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Ireland's Wild Atlantic Way

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Ireland's Wild Atlantic Way EIKY-EIDL

 

For Saturday, April 17, 2021

Today we spend an afternoon flying up the west coast of Ireland. This route is part of the "Wild Atlantic Way," a name for Ireland's 1500 miles of rugged coastline along the Atlantic Ocean. This is a land of promontories, cliffs, dunes, beaches, bogs, bays, and coves. In normal conditions, the winds bluster, the sea sprays, and the clouds race over the sky. A fine place for light plane fun.

We begin at Kerry [EIKY], a small regional airport for commercial and GA operations. Built for passenger service, the airport now provides connections to Dublin as well as Berlin and Manchester (and, previously, London). We head north over rolling countryside to the Shannon Estuary (keeping our eyes open for shipping traffic). We pass over Foynes [FOYNS] which, in the 1930s and 1940s, was the flying boat facility for Imperial Airways/BOAC, Pan American, and American Export. Their luxurious Boeing B314 and Sikorsky VS-44 aircraft spanned the Atlantic to link Europe with North America. (Passengers were either wealthy or essential wartime personnel. A one-way ticket cost $375 in 1940...about $7,000 nowadays.) In another important part of history, Foynes was the birthplace of Irish Coffee!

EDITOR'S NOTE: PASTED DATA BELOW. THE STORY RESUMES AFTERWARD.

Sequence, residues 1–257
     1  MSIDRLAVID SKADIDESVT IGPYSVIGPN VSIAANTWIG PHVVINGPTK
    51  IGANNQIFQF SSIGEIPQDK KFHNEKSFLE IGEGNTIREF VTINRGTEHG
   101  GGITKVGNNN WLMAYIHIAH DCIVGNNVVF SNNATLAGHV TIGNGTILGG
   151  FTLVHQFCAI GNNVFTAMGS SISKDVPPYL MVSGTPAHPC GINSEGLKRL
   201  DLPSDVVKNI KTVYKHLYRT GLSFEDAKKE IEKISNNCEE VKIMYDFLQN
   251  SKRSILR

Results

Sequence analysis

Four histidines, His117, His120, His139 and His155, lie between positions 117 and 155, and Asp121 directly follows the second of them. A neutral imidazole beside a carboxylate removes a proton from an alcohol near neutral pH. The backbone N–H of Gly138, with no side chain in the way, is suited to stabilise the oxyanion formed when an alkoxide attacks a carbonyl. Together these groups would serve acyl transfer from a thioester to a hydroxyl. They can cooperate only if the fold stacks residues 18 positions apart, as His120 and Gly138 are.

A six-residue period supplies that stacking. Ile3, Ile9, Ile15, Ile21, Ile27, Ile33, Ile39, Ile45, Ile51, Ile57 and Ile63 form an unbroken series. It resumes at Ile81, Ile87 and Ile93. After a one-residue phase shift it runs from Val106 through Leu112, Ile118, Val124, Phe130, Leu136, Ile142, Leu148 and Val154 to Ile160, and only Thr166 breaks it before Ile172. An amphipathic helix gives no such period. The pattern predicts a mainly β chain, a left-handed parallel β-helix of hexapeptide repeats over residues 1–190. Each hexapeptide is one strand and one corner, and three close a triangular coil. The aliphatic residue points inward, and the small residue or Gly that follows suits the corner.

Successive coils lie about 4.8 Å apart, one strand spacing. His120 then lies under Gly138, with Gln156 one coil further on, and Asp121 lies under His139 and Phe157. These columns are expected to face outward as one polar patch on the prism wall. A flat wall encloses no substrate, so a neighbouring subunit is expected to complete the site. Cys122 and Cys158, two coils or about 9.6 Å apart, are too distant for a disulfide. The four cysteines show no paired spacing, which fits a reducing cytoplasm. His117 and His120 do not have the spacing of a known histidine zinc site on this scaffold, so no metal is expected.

We land at Shannon Airport [EINN], for many years the busy fueling stop for the majority of transatlantic flights and thus an historically significant airport. Today, Shannon remains important for international tourism flights into Ireland as well as for regional connections with the rest of Europe.


N4131C_over_Moher.jpg?dl=1